Canada: Cross-Border Class Actions: Pre-Certification Discovery of Documents Subject to Protective Orders in the United States

Class actions alleging anti-competitive conduct in Canada are frequently filed in the wake of similar proceedings in the United States, and plaintiff counsel firms in both countries openly cooperate in the advancement of these cases. An important issue in such cross-border litigation is whether a Canadian plaintiff can seek production from the defendants, prior to certification in Canada, of documents exchanged in the context of the certification motion in the US litigation.

Class actions are bifurcated proceedings: the plaintiff who wants to represent the class must first obtain leave from the court to launch the action as a class action, a process called certification. In Canada, class action legislation does not contemplate a right to discovery prior to certification and, where available with leave of the court, such discovery rights are limited. Conversely, US plaintiffs are granted full discovery at the certification stage, but the information provided on discovery is often subject to protective orders that limit access to and dissemination of sensitive information disclosed by the defendants and third parties.

In a recent decision, the British Columbia Supreme Court refused to make an order granting the plaintiff access to the information filed in parallel US litigation prior to certification of the class action in Canada. In Bryar Law Corporation1, the plaintiff alleges a conspiracy to fix the price of static random access memory devices (SRAM) and seeks to certify a class comprising both direct and indirect purchasers of SRAM in British Columbia. The plaintiff brought a motion before the BC court seeking disclosure by the defendants of the information filed in the California litigation, specifically unredacted expert reports that included information about prices, costs, mark-ups and related materials. The information sought by the plaintiff is subject to protective orders and sealing orders issued by the California court.

The court held that while there is no statutory right to precertification discovery in British Columbia, limited pre-certification discovery may be available, provided that the evidence sought is relevant to the matters at issue in the certification, such as whether common questions exist and predominate and whether the plaintiff's claim is typical of the class. In this case, the court was prepared to assume that the unredacted expert reports filed in the California litigation might be material to the court's findings on issues relevant to the certification application.

However, the court held that it was not appropriate to order pre-certification discovery of the requested documents in the Canadian proceeding. The court found that the protective orders in the California litigation were made after a lengthy process of negotiation to protect the rights of non-parties to the litigation, as well as the parties themselves. Because the exact nature of the information sought and the scope of the protective orders were not known to the court, and because a decision regarding disclosure would affect the interests of the parties and of numerous third parties, the court felt that the application for disclosure should properly be brought before the California court. In addition, in the spirit of judicial comity, the court expressed its reluctance to grant discovery in contravention of a protective order issued by a foreign court.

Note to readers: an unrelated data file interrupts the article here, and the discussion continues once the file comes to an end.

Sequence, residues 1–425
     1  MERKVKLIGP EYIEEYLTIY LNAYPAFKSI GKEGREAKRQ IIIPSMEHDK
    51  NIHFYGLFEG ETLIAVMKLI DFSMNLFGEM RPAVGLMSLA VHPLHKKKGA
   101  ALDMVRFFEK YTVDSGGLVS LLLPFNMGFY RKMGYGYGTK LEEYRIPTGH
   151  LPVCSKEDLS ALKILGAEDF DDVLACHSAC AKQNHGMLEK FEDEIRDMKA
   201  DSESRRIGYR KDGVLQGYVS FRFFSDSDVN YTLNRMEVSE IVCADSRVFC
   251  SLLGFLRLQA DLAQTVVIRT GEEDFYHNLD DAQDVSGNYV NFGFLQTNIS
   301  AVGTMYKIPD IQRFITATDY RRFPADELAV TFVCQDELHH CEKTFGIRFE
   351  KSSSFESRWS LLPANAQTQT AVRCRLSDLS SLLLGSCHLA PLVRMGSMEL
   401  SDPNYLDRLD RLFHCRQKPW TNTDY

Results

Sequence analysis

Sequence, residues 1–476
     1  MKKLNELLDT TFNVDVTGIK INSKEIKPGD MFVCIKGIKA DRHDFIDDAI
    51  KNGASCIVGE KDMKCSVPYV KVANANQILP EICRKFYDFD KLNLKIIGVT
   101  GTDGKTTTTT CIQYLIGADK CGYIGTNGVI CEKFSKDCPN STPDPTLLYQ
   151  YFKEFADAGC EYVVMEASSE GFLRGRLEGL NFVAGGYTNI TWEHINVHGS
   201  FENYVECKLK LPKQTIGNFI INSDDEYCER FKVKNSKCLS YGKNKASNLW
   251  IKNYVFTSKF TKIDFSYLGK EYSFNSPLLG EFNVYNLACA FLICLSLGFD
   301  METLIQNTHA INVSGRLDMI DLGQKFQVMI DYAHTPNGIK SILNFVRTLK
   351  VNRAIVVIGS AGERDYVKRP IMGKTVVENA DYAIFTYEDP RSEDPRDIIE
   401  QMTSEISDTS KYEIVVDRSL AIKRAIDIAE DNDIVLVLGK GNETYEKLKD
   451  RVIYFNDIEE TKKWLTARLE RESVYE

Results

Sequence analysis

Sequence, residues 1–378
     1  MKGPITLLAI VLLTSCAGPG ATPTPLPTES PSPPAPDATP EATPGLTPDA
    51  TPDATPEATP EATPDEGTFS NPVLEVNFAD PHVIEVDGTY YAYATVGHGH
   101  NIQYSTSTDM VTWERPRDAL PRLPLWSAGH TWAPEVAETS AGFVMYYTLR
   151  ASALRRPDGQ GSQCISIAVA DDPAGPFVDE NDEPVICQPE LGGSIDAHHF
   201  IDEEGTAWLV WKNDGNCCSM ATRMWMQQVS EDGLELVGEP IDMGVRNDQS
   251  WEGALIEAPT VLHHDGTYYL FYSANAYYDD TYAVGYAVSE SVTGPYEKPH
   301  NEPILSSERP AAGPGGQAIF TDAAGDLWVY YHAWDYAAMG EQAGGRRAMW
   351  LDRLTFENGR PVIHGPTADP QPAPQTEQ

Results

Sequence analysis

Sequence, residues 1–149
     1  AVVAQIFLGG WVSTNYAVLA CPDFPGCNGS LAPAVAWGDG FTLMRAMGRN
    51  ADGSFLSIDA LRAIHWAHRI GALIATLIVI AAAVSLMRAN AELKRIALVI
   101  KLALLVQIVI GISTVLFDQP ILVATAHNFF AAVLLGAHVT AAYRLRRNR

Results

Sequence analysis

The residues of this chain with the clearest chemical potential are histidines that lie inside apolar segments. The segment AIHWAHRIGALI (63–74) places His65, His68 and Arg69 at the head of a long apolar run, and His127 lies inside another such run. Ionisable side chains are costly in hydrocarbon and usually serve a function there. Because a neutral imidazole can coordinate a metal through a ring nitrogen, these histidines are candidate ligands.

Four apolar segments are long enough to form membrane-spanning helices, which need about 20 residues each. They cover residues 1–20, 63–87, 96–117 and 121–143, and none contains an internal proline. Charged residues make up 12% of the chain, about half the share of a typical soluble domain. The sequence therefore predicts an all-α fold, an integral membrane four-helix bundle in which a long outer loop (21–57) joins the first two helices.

In support of its decision, the court also referred to the reasons of the Ontario Court in Vitapharm2, which refused to enjoin the plaintiffs from continuing their motion before a US court to gain access to certain materials in the US litigation, pointing out that the US court was in the best position to determine issues of confidentiality. The court also noted that in the Microsoft3 case, the same plaintiff firm was denied disclosure by another BC judge but succeeded in obtaining a very large level of disclosure from the US court hearing similar litigation.

For all these reasons, the court denied the plaintiff's motion and found that the proper course was to bring an application for disclosure before the California court.

McCarthy Tétrault notes

At the certification stage of a class action, Canadian courts appear to be unwilling to order the defendants to produce materials protected by orders of US courts, but require the plaintiff to seek a variation of such orders before the issuing court. This is a sensible solution that avoids putting the defendants at risk of breaching such orders in complying with the order of a Canadian court.

McCarthy Tétrault represents Hynix Semiconductor Inc. in the SRAM litigation before the BC Supreme Court.


1 Bryar Law Corporation v. Samsung Electronics Co. Ltd., 2010 BCSC 1661.

2 Vitapharm Canada Ltd. v. F. Hoffmann-La Roche Ltd., [2001] 6 C.P.C. (5th) 245 (Sup. Ct.), affirmed (2003), 23 C.P.R. (4th) 454 (Ont. C.A.)

3 Pro-sys Consultants Ltd. v. Microsoft Corp., 2007 BCSC 1663.

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